Wednesday, October 21, 2020

Could Cutting Sports Be a Good Thing?



OCTOBER 21, 2020 | written by STEVE ULRICH
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>> Good Wednesday morning! 

>> Today's Word Count: 1,009. Four minutes, tops.

>> @D3PlaybookDo you follow us on Twitter? 1,634 followers do. All the latest moves in Division III can be found there throughout the day.

>> Thanks for reading D3Playbook. Please recommend us to a friend or co-worker. 

1.  Could Cutting Sports Be a Good Thing?

by Tom Farrey, New York Times / photo courtesy of Gettysburg College club baseball

The executive director of the Aspen Institute's Sports & Society Program, Farrey has penned an article that posits that few of the cut programs will perish. Rather they would transition to club teams that would allow athletes to continue playing more on their terms.

"Since April, more than 250 teams in about two dozen sports have been eliminated across collegiate sports, including all three N.C.A.A. divisions, affecting schools like MinnesotaIowaDartmouth and Connecticut.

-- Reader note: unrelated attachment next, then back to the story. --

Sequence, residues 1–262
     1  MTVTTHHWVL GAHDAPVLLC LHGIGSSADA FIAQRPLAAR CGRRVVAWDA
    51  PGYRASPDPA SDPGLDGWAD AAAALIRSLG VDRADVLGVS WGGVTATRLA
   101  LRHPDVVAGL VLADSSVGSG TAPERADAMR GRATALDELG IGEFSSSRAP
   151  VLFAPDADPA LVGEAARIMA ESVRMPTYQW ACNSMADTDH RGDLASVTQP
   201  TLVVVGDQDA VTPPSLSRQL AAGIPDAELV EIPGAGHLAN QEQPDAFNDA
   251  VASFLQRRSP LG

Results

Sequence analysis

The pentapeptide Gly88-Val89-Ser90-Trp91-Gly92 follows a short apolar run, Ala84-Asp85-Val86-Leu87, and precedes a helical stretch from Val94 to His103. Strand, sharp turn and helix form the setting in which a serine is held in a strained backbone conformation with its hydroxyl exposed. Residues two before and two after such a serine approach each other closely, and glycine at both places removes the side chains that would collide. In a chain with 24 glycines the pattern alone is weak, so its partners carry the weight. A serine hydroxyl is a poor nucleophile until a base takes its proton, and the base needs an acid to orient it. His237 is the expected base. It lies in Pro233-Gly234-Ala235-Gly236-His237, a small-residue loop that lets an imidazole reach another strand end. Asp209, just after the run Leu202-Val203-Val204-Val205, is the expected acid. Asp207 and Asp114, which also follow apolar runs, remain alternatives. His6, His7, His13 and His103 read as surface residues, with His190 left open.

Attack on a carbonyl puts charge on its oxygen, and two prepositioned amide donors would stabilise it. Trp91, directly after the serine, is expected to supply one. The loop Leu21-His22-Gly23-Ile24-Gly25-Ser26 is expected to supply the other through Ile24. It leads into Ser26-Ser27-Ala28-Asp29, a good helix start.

Many are pushing back against the cuts: athletes and alumni of these programs; politicians; and of course, the entrepreneurs at the center of the $30 billion-plus youth sports industry — from recruiting services to travel tournament operators — helping families chase coveted N.C.A.A. roster spots for their children."

>> Situational Awareness: "Since the early 1990s, according to the NCAA, the amount of athletic scholarship aid dispensed at member institutions has grown to $3.5 billion from $377 million, with much of that bump because of the drastic rise in the cost of tuition. Official recruits also get preferential admission to selective colleges, a perk that has been known to drive some wealthier families to extremes."

>> Reality Check: "Children who flash early talent have more reason to train hard. But they are often specializing in one sport by age 12, suffering burnout and overuse injuries that were once rare, while families who can spend thousands of dollars a year on scouting showcases effectively push aside those with fewer resources."